The suspension of planned foreign passenger flights has been prolonged “until further orders,” according to the DGCA, the country’s aviation regulator.
The suspension was extended until February 28 on January 19.
Following the outbreak of the coronavirus, scheduled international passenger flights have been banned in India since March 23, 2020.
However, starting July 2020, special passenger flights have been flying between India and roughly 45 nations as part of air bubble agreements.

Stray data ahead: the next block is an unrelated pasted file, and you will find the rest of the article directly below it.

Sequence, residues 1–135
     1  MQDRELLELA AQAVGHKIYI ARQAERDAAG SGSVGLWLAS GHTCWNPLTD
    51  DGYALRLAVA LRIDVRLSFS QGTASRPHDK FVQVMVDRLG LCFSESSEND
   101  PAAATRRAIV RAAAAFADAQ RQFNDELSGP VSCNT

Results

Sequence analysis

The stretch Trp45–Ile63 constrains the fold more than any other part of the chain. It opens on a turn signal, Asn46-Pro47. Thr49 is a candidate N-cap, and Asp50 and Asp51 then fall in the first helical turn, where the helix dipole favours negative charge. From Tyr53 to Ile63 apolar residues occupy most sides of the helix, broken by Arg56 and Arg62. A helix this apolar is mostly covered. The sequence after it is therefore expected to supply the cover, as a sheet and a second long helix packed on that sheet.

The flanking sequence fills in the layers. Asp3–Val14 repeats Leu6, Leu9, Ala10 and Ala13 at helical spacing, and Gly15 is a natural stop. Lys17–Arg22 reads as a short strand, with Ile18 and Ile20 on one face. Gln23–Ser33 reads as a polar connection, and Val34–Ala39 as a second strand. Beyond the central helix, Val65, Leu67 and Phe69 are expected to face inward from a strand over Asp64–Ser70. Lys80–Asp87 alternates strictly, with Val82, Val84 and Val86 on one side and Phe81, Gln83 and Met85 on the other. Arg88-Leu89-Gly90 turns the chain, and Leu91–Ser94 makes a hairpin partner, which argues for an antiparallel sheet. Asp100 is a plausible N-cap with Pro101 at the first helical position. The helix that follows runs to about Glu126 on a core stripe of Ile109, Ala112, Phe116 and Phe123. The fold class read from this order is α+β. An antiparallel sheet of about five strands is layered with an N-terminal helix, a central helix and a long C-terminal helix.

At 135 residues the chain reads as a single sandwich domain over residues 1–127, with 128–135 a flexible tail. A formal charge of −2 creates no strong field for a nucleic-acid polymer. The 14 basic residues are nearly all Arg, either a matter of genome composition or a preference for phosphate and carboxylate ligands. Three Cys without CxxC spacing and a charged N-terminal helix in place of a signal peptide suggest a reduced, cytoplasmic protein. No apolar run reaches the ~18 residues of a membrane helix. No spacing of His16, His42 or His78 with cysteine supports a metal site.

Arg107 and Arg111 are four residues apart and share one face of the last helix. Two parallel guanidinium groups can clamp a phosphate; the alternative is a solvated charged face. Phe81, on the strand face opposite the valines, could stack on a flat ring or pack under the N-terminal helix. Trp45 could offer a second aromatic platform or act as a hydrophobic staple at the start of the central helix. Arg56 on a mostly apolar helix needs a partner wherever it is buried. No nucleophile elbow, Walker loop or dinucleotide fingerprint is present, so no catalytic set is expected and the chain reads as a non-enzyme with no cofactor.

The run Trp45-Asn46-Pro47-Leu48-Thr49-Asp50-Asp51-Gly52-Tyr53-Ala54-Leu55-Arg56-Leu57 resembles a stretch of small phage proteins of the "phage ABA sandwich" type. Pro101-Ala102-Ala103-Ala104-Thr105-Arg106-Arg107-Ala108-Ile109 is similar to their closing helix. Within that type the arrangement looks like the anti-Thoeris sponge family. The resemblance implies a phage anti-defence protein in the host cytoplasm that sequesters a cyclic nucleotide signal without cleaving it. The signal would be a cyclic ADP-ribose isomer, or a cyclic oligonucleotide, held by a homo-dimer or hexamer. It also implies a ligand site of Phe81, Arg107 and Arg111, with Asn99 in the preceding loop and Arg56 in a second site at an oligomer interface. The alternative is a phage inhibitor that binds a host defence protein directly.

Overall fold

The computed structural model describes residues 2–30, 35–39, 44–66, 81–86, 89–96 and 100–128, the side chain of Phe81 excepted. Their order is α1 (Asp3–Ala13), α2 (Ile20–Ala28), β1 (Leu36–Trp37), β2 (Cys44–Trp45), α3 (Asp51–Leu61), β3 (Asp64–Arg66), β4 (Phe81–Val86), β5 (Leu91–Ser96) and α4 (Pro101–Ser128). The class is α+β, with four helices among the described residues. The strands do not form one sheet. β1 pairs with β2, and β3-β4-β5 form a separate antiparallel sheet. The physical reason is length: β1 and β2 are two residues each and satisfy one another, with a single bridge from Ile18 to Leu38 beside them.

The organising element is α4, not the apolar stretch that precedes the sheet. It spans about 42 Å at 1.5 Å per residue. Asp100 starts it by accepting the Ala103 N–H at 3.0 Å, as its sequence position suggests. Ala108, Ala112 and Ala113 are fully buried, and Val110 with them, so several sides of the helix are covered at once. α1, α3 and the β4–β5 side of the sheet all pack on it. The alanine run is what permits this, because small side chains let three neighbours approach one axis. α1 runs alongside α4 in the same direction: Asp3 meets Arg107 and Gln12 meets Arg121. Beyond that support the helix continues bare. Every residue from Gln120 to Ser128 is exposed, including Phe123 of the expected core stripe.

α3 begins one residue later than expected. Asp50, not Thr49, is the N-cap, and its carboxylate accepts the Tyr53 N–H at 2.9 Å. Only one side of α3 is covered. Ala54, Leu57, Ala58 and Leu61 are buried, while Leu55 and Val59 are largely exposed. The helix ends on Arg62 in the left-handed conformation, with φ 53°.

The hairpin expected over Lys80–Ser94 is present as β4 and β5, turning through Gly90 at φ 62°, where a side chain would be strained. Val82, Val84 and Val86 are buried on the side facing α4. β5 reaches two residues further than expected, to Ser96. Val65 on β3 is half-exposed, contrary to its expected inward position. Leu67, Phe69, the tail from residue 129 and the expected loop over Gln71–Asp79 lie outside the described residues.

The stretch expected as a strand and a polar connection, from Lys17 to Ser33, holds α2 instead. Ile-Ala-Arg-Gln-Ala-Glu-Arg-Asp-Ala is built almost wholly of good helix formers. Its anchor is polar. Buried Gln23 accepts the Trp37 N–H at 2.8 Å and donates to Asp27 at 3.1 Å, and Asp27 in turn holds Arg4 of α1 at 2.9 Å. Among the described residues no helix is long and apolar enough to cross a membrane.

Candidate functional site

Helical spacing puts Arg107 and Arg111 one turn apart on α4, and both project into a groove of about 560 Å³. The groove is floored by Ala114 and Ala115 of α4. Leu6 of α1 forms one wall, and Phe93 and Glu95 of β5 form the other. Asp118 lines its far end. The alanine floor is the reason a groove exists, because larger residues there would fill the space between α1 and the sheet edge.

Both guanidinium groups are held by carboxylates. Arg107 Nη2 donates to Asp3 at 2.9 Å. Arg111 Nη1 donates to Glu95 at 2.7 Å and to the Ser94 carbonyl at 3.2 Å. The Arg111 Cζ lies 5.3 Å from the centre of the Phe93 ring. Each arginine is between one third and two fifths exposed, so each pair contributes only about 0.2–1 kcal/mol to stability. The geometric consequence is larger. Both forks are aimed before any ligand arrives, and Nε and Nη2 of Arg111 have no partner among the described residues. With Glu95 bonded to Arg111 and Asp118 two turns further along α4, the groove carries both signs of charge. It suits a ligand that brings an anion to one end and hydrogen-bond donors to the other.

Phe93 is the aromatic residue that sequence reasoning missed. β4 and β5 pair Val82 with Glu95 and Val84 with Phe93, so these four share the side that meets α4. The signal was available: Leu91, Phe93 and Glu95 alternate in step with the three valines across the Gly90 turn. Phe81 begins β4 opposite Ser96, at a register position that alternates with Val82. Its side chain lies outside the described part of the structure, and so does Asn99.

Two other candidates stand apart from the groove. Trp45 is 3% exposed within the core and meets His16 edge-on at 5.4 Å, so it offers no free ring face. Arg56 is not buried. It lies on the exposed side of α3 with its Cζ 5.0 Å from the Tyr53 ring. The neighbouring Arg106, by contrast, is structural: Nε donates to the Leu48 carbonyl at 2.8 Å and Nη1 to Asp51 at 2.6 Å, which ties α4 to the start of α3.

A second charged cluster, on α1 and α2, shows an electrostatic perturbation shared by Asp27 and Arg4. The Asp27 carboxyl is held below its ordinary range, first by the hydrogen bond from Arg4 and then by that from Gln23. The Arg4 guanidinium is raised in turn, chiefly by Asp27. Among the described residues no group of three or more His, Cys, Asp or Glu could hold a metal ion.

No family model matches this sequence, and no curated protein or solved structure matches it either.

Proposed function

“The competent authority has decided to continue the suspension of scheduled international commercial passenger services to/from India until further orders,” the Directorate General of Civil Aviation (DGCA) announced in a circular issued on Monday.
According to the DGCA, this restriction will not apply to international all-cargo operations or flights that have been specially cleared by the agency.
Fights taking place in an air bubble arrangement will be unaffected, according to the circular.
India will resume regular international passenger flights from December 15, 2021, according to the DGCA, which announced it on November 26, 2021.
Following mounting worries about the COVID-19 version Omicron, Prime Minister Narendra Modi urged the Civil Aviation Ministry and the DGCA to examine their decision.
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